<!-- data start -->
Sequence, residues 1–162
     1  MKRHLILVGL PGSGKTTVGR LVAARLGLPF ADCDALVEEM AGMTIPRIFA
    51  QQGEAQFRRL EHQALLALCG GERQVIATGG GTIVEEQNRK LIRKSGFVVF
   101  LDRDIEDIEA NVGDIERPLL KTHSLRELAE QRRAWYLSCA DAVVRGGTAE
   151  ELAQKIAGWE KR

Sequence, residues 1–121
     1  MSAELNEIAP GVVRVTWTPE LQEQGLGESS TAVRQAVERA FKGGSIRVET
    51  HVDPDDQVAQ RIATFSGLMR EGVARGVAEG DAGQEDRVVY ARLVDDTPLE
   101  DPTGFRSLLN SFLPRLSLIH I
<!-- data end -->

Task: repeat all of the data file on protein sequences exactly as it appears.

Sequence, residues 1–162
     1  MKRHLILVGL PGSGKTTVGR LVAARLGLPF ADCDALVEEM AGMTIPRIFA
    51  QQGEAQFRRL EHQALLALCG GERQVIATGG GTIVEEQNRK LIRKSGFVVF
   101  LDRDIEDIEA NVGDIERPLL KTHSLRELAE QRRAWYLSCA DAVVRGGTAE
   151  ELAQKIAGWE KR

Sequence, residues 1–121
     1  MSAELNEIAP GVVRVTWTPE LQEQGLGESS TAVRQAVERA FKGGSIRVET
    51  HVDPDDQVAQ RIATFSGLMR EGVARGVAEG DAGQEDRVVY ARLVDDTPLE
   101  DPTGFRSLLN SFLPRLSLIH I